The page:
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As Jetpack Arrives, Creator Departs Company He Founded

"All us guys know what a jetpack's for," inventor says. "With a jetpack, you save the world and you get the girl. Right?" Not so much.

In this Feb. 9, 2016 photo, Martin Aircraft CEO Peter Coker stands next to a Martin Jetpack in Christchurch, New Zealand. The company says it’s close to commercial liftoff, but the man who started it fears his vision of a personal jetpack will remain grounded.
In this Feb. 9, 2016 photo, Martin Aircraft CEO Peter Coker stands next to a Martin Jetpack in Christchurch, New Zealand. The company says it’s close to commercial liftoff, but the man who started it fears his vision of a personal jetpack will remain grounded.
AP Photo/Nick Perry

CHRISTCHURCH, New Zealand (AP) — Glenn Martin was sitting in a bar with his college buddies 35 years ago when they got to wondering: What ever happened to flying cars and jetpacks?

The next day, the New Zealander began looking for answers in the science library, triggering a lifelong quest to build a jetpack. But today, with the company he created seemingly on the verge of triumph, Martin worries his dream is slipping away.

Martin Aircraft Co. says it will deliver its first experimental jetpacks to customers this year, a big development for the new technology. But the jetpack is being designed for first responders like firefighters, an outcome that falls short of Martin's vision of a recreational jetpack that anybody could fly.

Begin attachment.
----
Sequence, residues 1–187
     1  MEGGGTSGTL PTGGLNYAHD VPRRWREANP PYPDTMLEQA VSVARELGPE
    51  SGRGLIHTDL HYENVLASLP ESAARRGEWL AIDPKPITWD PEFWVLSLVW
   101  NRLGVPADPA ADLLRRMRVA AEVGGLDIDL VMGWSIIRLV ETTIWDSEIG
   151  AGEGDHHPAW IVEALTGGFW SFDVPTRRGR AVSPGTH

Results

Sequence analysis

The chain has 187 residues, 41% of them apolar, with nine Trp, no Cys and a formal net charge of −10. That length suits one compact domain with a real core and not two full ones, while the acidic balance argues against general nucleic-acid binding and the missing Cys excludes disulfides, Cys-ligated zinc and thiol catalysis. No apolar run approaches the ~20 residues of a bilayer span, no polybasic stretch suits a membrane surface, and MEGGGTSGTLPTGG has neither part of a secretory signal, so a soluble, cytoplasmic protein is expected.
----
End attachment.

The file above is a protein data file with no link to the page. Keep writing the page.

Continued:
The inventor has now left the company he founded. What's more, he says, he's asked for his name to be removed.

"All us guys know what a jetpack's for," he says with a smile at his Christchurch home. "With a jetpack, you save the world and you get the girl. Right?"

Jetpacks have often been portrayed that way in books and movies. They have formed part of humanity's utopian future vision for the past century. Fictional characters from Buck Rogers to Elroy Jetson have used them, and a real jetpack wowed the crowds at the opening of the 1984 Olympic Games in Los Angeles.

Martin, 56, grew up in the South Pacific, thousands of miles (kilometers) from Houston. But he followed the space race avidly.

"I still remember sitting in class and listening to Neil Armstrong step onto the moon," he says. "And I believed, I suppose, that we would all have flying cars and jetpacks and bases on Mars by the time I was an adult."

Storied though they may be, jetpacks have a troubled history. The Bell Aerospace rocket belt, developed in the 1960s, showed it was possible. However, that jetpack couldn't carry much weight and could remain airborne for less than 30 seconds. It was for show, nothing more.

In the mid-1990s, three Houston men decided they'd try to make one. Instead, they made a mess. They fell out over money and their venture ended with an unsolved murder, an abduction, a man in jail and a device that had vanished.

Peter Coker, Martin Aircraft's chief executive, says he believes the best business plan is to make jetpacks for first responders and later for other commercial operators. Once all the supply chains are in place, he says, the company can then turn its attention to building a personal jetpack.

"We are now an aviation company," Coker says. "Before, it was very much the kiwi dream. But you have to take that commercial path."

Glenn Martin's vision still holds true, Coker says: Creating and selling a personal jetpack remains part of what the company is all about.

But Martin doubts the company will ever make one.

When he began his research, he wanted to improve on the Bell rocket belt and make a jetpack that could lift a solidly built guy like himself and a safety parachute, then stay airborne for at least 30 minutes. He decided to use ducted fans, making the word jetpack something of a misnomer.